Sunnydale having a dearth of diners, the only place serving what could charitably be called food late at night was the Bronze, so the group of teens schlepped themselves over to the club and claimed a corner for themselves. Faith had regaled them with stories about her own short career as a Slayer on the way—the one about being forced to slay naked due to a heatwave and her lack of aircon seemed to be a hit, at least with the guys, and maybe a little with the redhead as well—but once inside, she attempted to steer the conversation away from herself a little. Much as she liked talking about herself, she really did want to get to know these guys. They were Lizzie’s friends, and, while she still wasn’t entirely certain what she wanted from Lizzie, she did know that she wanted to stick around for a while, and she had a feeling that the bond of Slaying together wouldn’t supplant years of friendship.
“So, you guys help the Slayer out? How’s that work, if you don’t mind my asking? I haven’t seen any superpowers yet, and, no offense, but that vamp was kinda kickin’ your asses.”
“No offense taken; he was,” the shorter guy said placidly. Given that everyone was calling him Oz, Faith was debating calling him “Wizard.” On the one hand, hey, easy movie reference. On the other, that made his nickname longer than his name, and for very little humorous payoff.
“Well, it started kinda slow,” Willow, sitting next to Oz, said. She’d leave nickname options open, but was leaning towards “Red” for her. Sometimes simple was best. “We found out pretty soon after she got here ’cause Giles wasn’t too careful about talking when he thought no one was in the library, and then our friend Jesse and I got taken by some of the Master’s goons. And then Jesse got turned…” Red tapered off.
“I wound up staking him while Buffy was fighting a whole bunch of other vampires.” X-man—now that
was an easy nickname; she bet he read the comics, too—said, face downcast. His girlfriend showed she wasn’t all bitch by hugging his arm and patting his shoulder sympathetically.
“Ah, yeah. Anyway, so, Xander kept saying he could help, and I’m really good at research, and I’m a lot better than Giles at getting computer records and stuff, so if we need to know if there’s a pattern to some deaths or something, I’m, like, the go-to girl.” Willow finished with an air of self-satisfaction.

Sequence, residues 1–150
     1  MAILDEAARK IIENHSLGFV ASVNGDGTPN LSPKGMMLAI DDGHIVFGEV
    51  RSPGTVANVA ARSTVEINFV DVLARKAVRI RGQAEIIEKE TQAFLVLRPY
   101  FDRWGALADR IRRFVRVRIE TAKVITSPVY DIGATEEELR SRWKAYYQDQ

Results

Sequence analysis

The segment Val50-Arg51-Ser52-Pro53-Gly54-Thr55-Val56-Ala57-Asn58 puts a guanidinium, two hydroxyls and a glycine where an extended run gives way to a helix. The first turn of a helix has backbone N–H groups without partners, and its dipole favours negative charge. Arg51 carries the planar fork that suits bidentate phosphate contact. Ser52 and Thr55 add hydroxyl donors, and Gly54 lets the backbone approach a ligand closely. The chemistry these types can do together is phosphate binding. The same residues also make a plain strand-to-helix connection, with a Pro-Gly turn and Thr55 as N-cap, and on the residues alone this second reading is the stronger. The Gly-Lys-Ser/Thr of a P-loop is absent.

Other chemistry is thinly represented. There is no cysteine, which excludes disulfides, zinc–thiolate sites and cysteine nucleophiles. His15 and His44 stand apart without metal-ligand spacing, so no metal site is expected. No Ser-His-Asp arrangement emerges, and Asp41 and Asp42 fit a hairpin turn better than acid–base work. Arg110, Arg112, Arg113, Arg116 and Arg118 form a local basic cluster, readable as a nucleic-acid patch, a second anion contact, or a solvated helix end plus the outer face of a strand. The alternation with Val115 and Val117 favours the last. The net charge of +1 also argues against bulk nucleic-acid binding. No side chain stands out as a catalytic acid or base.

“Plus, they’re really Buffy’s best friends. If there’s something big going down, they don’t let her go in without backup,” Cordelia said. X-man and Red both looked down, embarrassed.
“How about you two? I can’t imagine you got into this stuff just ’cause your SOs are doing it.”
“I’m a werewolf. Pretty much couldn’t avoid the supernatural.”
“I wound up getting caught in a bunch of it on my own. Plus, pretty much everyone in this town’s gotten caught in something now and then. I’m too honest with myself to ignore it.”
Faith nodded at Cordelia’s statement and said, “Amen to that!” tossing back another half a muffin. “Too much dishonesty in the world. Worst is when people call it ‘being polite.’”
Cordelia raised her cup of soda and repeated, “Amen!”
The first thing Buffy did when she got home was hug her mom. Also, the second and third thing. Just being that close to her mom reminded her in some ways why she had left. Sure, her mother wasn’t showing any signs now that she had meant it when she told Buffy not to come back, but the only other person she had done anything more intimate than shake hands with since leaving was Faith, and she had to remind herself not to hug with all her strength. Moms were delicate creatures to Slayers, and while very much worth perserving, she had to maintain a delicate touch that most kids would be able to turn off in this kind of situation.
Now, however, strength wasn’t so much of an issue, as Buffy and her mom were seated at the kitchen table, each with a cup of coffee—her mother had offered tea, but Buffy kind of didn’t think much sleep was going to be had that night anyway, and her mom agreed.
“So. Another Slayer, huh?”
Buffy sensed that her mother was trying to avoid the big issues for now. She was perfectly happy to oblige, although there was one thing she had to get out, and talking about Faith gave her an unfortunately opportune segue. “Yeah. I had a Slayer dream—we get dreams, sometimes, kinda like mini-prophecies—that lots of bad stuff was gonna happen if I didn’t go and help her. Not sure about the bringing her back thing; that was more because she doesn’t have anywhere else to go, as far as I can tell.”
“As far as you can tell?”
“She hasn’t talked much about her past, but I know she was adopted by her Watcher, and she was found only a year or so before she was Called, so probably no family. And, yeah, I know her new Watcher can probably adopt her, but I talked to Giles about the Council sometimes, and I got insanely lucky to get not just one, but two
Watchers who actually gave a damn about me as something more than just a weapon to point at the forces of darkness. Faith, too, and she’s going to need some sort of buffer against whoever the Council sends her now.”
Joye nodded slowly while Buffy continued to stare down into her coffee. “Like I said on the phone, I’m not going to say no right away, but I need to meet her, and I’m not going to do anything if we can’t get all the paperwork in order. And it’ll be foster care, not an adoption, of course.”
“Right. Adoption’s a big deal; foster’s just taking care of someone, which is all I’m asking for. Also, Australian for beer, apparently.” Buffy’s mom raised an eyebrow. “What? The diner had a TV, and the channels the customers tended to request tended to have beer commercials. Sorry, bad attempt to lighten the mood before the hard part.”
“Sweetie, we don’t need to do this right away,” Joyce said, laying a hand on her daughter’s arm. “I’m just glad you’re home. The hard discussions can wait a day or two.”